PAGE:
I am writing in response to Phil Shigekuni’s May 1 column about designating the Tuna Canyon Detention Station site a Los Angeles Historical-Cultural Monument. I am a retired professor of sociology and ethnic studies, a former Tujunga resident, and my grandfather was imprisoned at Tuna Canyon.
While I respect Shigekuni’s contributions to and knowledge of the Japanese American community, it is appropriate to present a different point of view.
I appreciate Shigekuni’s interest in this topic. I also agree that the mass incarceration of Japanese Americans, which included my own and my wife’s families, was a major mistake. And, I won’t argue with the need to understand differences between this and the earlier imprisonment of Japanese nationals in detention stations. However, I feel the nature of the latter is not always well understood.
These “Japanese nationals” were the Issei, the first generation of Japanese Americans. The reason many, including my grandfather, had alien status at the outbreak of World War II was because of racist policies that prevented them from becoming naturalized citizens.
Prior to the war, federal agencies compiled Custodial Detention Lists of Issei (and others) that they saw as potential security risks. After Dec. 7, 1941, the FBI arrested and sent them to detention facilities like Tuna Canyon.
The problem is that none of these Issei were dangerous subversives. Many were fishermen, priests, Japanese language school teachers, or other community leaders. Often, Issei were on Detention Lists only because of their membership in certain Japanese community organizations. It would be difficult to argue that anti-Japanese racism did not affect the listing, arrests, and detention of these Issei. Clearly, all of this was a significant wartime error.
My grandfather was a fisherman and an officer in the Compton Japanese Language School. He was arrested by the FBI on a warrant-less emergency basis less than a week before his family was removed from their San Pedro home to the Santa Anita WCCA Assembly Center.
As Shigekuni points out, the 1929 Geneva Convention did deal with the detention of enemy aliens and, in contrast to the later mass incarceration of Japanese Americans, Issei detainees were given individual hearings. However, such hearings did not provide due process of law. Instead, they were used to decide whether individual Issei would be paroled to WCCA “assembly centers” (or WRA “relocation centers”) or sent to more permanent Justice or War Department internment camps.
As historian Roger Daniels has written, the hearing boards were composed of citizen volunteers, not legal professionals. Detainees were not allowed to have legal counsel or entitled to know the nature of charges being made against them. In addition, the attorney general was not obligated to comply with the decisions of hearing boards.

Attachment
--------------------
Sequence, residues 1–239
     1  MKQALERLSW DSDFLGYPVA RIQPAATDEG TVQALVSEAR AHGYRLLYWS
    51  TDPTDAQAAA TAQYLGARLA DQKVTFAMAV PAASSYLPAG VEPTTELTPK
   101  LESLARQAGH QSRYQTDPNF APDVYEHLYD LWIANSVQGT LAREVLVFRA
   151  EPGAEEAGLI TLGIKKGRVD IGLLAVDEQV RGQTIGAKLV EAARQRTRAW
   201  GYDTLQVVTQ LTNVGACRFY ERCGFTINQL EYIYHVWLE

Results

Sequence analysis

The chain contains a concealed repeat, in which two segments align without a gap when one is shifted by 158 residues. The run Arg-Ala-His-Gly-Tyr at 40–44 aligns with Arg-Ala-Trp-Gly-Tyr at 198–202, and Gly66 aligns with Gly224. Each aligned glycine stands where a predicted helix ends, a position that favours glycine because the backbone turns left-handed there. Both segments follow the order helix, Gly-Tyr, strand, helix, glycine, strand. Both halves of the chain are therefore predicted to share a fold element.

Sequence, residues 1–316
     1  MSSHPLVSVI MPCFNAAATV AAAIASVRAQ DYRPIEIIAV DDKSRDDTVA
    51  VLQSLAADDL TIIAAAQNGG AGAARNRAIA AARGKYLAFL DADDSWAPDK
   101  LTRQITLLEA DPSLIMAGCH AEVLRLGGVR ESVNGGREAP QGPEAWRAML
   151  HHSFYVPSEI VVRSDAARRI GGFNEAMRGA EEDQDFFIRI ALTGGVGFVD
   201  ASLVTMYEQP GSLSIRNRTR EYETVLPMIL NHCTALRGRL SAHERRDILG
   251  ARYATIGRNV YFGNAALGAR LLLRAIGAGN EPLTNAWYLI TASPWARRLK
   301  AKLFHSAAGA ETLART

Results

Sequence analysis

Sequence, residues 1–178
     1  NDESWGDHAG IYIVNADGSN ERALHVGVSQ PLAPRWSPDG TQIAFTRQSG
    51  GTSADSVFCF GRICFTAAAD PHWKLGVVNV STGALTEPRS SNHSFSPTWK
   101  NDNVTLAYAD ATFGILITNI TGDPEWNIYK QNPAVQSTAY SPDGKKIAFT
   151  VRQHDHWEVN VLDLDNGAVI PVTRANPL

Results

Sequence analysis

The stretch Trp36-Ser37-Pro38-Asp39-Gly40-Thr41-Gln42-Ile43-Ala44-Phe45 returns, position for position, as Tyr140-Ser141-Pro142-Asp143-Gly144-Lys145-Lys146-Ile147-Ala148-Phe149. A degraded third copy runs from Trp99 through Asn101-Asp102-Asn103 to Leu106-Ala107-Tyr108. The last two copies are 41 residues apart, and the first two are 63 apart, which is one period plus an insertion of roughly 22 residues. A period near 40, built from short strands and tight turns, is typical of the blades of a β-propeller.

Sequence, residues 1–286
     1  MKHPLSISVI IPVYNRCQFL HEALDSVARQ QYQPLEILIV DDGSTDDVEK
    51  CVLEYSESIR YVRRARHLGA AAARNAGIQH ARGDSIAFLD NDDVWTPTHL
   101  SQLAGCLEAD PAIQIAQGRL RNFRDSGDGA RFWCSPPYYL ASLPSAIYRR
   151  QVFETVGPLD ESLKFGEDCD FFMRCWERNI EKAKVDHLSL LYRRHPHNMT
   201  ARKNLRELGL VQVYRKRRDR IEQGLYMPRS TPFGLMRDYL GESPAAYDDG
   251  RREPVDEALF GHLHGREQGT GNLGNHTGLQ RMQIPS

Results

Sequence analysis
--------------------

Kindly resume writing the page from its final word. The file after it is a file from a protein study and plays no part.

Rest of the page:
My father attended my grandfather’s hearing, and some of his recollections bring to mind the colloquial term “kangaroo court.” My grandfather was paroled to rejoin his family in Santa Anita. He was fortunate; many Issei would face additional months or years of separation from their families.
I should note here that Tetsuden Kashima, in his book “Judgment Without Trial,” describes numerous violations of the Geneva Convention in detention stations and internment camps.
Shigekuni is correct that the mass incarceration of Japanese Americans was a mistake. However, I agree with L.A. City Councilman Richard Alarcon and many others that detaining Issei at Tuna Canyon (and other sites) was a mistake. These mistakes did have specific differences. But both were elements of the racial injustice and tragedy of the wartime Japanese American experience. Every type of confinement of people of Japanese ancestry was wrong.
In commenting about the detention of Issei like my grandfather, Shigekuni writes that “… in time of war, I cannot imagine how our government could have reacted any differently.” I respectfully disagree; it is easy to see how our government should have reacted differently.
Everyone should learn more about the detention stations. Many people have never even heard of them. This is why there is a need to landmark the Tuna Canyon Detention Station site and to provide appropriate interpretive materials. I urge interested readers to write letters of support to members of the L.A. City Council.
This is one of the most incisive, well-written summaries of the injustices experienced by Issei detainees. Many people don’t know their stories. I hope the Tuna Canyon Detention Station site receives the recognition it deserves.
Russell Endo’s comments on Issei Detainees were revealing write-up on the early detainees. These were Issei and older Nisei who were rounded up on the eve of December 7, 8 and 9th by the FBI, Naval Intelligence, and Immigration and Naturalization Service. How did the FBI and others know who were these possible trouble makers?
One large and innocent groups who were detained but are often overlooked or not written in our history, because of the embarrassment to the JACL. Navy Commander K. D. Ringle heaaded the Naval Intelligence for the West Coast District, He developed a close relationship with the leaders of the JACL and promoted the Informer Network; including the payments for informers.
The biggest source of finger pointing was the various chapters of the JACL. Mike Masaoka and James Sakamoto and the Naval Intelligence had a Counter-intelligence agents in most chapters known only to the few JACL leaders .
At the Tolan’s Committee hearing in San Francisco, Masaoka acknowledged the Informer Network by stating: ” I know that information has been given to any of these American Agencies, notably the FBI … and yet I do know that personally a number of people that I know of having contributed information.”
The Issei throught out the Internment Camps were afraid of the JACL and didn’t know who were these informers (Inus ) in the camps.